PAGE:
Roundabout indication question sparks road rule debate

 

A simple question about the right way to indicate on a roundabout has sparked a debate after some drivers disagreed with the correct answer.

The Department of Transport and Main Roads Queensland (TMR) tested the road rules knowledge of its Facebook followers by posting a photo of a blue car entering a roundabout.

"The blue car wants to travel straight ahead at the roundabout. How should they indicate?"

The post attracted hundreds of comments and while the majority of people got the question right, there was still a surprising number who didn't know the answer.

Some people believed the driver didn't have to indicate at all when driving straight through a roundabout, a mistake that could result in a fine of up to $393.

"No blinker required," one person said.

"Who in Qld uses an indicator when going straight and exiting … no one, no need to start today," another said.

A surprising amount of people got the answer wrong. Picture: Department of Transport and Main Roads Queensland/Facebook
A surprising amount of people got the answer wrong. Picture: Department of Transport and Main Roads Queensland/Facebook

Other people were sure you had to indicate both when you enter and exit the roundabout.

"Yes the car should indicate when entering and exiting the roundabout as it has two lanes," one motorist wrote.

Another road user said a driver going straight through has the option to indicate right on entry but must also indicate left when leaving the roundabout.

One person agreed, saying they were sure it was "right on entry and left on exit", but they changed their mind after looking up the rule.

"Ugh. Just checked. Looks like I was wrong. I will track down my driving instructor from a billion years ago and have a word with him. Jerk shouted at me when I didn't indicate on entry going straight ahead," they wrote.

ANSWER REVEALED

TMR eventually posted the correct answer, revealing the driver only has to indicate when exiting the roundabout.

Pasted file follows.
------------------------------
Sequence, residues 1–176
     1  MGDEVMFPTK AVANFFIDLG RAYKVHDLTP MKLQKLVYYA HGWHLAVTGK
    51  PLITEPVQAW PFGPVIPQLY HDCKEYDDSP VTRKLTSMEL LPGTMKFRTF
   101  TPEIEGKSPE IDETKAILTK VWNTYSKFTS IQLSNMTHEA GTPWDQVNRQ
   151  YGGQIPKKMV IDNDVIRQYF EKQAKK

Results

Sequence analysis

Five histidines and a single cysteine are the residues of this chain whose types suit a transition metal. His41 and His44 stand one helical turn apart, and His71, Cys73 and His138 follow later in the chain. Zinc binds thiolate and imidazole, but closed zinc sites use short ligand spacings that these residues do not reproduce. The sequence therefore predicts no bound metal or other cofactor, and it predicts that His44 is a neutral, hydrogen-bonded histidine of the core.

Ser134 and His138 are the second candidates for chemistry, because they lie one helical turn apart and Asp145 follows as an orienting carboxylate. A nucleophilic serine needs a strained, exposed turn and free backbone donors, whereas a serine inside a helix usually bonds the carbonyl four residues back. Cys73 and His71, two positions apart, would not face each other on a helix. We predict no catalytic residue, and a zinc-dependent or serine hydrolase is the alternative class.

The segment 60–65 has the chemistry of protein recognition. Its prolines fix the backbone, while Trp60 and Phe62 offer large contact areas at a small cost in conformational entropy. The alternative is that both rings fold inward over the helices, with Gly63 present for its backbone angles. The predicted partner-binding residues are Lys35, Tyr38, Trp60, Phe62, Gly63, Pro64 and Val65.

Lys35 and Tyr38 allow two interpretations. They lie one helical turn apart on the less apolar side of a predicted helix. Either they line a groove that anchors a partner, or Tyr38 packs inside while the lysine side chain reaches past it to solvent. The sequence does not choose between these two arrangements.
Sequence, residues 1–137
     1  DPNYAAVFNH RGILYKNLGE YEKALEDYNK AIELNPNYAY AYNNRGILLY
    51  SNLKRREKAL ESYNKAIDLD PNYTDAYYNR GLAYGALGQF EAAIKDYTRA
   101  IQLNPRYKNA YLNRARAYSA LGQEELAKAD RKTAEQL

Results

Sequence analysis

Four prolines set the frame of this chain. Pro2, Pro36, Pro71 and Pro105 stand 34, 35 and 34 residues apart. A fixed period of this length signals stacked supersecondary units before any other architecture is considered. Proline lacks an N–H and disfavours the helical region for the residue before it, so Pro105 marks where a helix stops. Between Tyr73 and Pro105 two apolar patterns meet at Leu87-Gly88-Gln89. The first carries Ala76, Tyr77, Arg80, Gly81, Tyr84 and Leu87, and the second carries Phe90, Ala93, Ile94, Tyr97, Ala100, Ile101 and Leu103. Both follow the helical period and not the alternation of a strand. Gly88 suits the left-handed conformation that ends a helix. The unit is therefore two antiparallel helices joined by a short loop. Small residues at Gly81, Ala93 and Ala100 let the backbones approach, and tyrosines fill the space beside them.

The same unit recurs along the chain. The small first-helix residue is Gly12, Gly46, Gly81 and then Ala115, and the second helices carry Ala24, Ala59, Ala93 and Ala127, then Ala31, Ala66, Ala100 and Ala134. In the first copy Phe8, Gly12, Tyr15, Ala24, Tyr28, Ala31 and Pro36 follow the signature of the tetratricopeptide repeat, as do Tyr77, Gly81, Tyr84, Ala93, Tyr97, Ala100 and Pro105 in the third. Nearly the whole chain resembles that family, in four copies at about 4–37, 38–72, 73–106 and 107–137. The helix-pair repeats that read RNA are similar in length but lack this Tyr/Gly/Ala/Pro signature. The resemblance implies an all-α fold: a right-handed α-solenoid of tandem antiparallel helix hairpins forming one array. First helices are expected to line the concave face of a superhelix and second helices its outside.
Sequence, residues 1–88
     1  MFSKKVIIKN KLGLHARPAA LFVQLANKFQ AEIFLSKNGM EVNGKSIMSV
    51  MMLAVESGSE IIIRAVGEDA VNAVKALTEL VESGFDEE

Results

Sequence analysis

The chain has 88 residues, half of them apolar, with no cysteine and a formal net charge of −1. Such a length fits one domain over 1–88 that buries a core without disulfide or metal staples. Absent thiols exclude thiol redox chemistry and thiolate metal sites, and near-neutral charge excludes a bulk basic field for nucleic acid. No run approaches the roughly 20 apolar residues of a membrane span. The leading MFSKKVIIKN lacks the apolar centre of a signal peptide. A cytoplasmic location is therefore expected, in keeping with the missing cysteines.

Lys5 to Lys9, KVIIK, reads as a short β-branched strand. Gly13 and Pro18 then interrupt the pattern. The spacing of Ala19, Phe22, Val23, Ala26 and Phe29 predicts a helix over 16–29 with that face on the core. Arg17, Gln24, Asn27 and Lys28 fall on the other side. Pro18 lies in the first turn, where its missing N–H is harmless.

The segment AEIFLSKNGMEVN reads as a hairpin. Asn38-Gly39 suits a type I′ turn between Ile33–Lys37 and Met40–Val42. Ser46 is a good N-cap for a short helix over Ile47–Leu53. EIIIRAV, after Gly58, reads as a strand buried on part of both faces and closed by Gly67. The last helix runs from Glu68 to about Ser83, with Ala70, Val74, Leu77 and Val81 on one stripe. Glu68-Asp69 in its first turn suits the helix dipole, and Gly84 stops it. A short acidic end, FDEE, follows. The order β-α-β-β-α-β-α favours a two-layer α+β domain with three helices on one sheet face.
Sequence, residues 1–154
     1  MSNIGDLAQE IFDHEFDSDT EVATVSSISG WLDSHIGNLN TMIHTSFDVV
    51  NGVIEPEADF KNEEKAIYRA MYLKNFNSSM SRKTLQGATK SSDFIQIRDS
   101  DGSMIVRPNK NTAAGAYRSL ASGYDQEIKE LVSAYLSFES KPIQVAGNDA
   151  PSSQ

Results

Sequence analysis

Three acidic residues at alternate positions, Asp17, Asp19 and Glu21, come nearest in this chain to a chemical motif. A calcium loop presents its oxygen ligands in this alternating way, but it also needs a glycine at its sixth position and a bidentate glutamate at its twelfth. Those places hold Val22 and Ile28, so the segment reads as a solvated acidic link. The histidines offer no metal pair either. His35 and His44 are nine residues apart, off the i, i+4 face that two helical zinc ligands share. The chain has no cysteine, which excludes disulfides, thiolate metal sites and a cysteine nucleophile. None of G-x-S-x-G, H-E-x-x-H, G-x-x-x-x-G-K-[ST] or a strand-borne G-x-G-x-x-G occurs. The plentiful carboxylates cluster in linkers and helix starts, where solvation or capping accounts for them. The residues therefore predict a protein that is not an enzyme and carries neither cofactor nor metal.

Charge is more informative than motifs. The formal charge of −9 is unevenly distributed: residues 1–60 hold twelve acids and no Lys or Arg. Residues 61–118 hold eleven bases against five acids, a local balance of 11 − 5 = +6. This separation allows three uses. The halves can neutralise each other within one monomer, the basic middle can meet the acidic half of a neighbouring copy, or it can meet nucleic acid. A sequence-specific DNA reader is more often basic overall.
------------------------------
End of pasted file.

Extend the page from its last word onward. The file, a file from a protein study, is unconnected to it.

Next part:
"Because they're travelling straight through, the driver of the blue car *doesn't* need to indicate when they enter the roundabout," the post read.

"They do though need to flick on the left indicator to exit the roundabout (and off again once they've exited)."

For those that didn't quite understand, the TMR said they should think of a roundabout like a clock face.

"Any turn that exits before 12 o'clock can be considered a left turn (so you'd indicate left when you're entering the roundabout)," the post read.

"Any turn that exits after 12 o'clock can be considered a right turn (so you'd indicate right entering the roundabout).

"Straight ahead at a roundabout can be considered 12 o'clock (so you wouldn't indicate on entry)."

Not indicating off a roundabout could result in a big fine. Picture: Andrew Seymour
Not indicating off a roundabout could result in a big fine. Picture: Andrew Seymour

Despite the answer being laid out in very simple terms, there were a few people who continued to disagree with the rule.

One person said it was a "dumb, stupid rule".

"Indicating through or off a roundabout misleads other drivers considering it is legal to change lanes in a roundabout you can assume they're about to merge on top of you, only to find out they're exiting the damn roundabout indicating un-needingly(sic)."

"You should only have to indicate if you are going left or right. Why tell people the need to indicate to go straight ahead," another person said.

One person said indicating off a roundabout just "complicates things".

BIG FINES FOR IGNORING RULE

In NSW not giving a left signal when exiting a roundabout could land you with a $191 fine and two demerit points.

In Tasmania failing to indicate left when leaving a roundabout if it is practicable will result in a $126 fine and two demerit points.

Those in Queensland who don't indicate left when leaving a roundabout will cop a $80 fine and 2 demerit points.

Not following this rule in Western Australia will result in a $100 fine and two points and in the ACT it will also cost you two demerit points as well as a $292 fine.

Drivers in the Northern Territory and South Australia will also be fined for this offence, with the latter copping two demerit points and a total fine of $393.



Send letter to Santa at  North Pole

premium_icon Send letter to Santa at North Pole

Last year, more than 130,000 letters and wishlists were delivered to the North Pole...

‘High-risk’: Authorities crack down on fishing industry

premium_icon ‘High-risk’: Authorities crack down on fishing industry

COMMERCIAL fishermen are encouraged to attend a workshop in Gladstone to learn more...

‘Blatant fallacies’: Worry over ‘lies’ about Biloela family

premium_icon ‘Blatant fallacies’: Worry over ‘lies’ about Biloela family

"At the end of the day we would like to trust our government."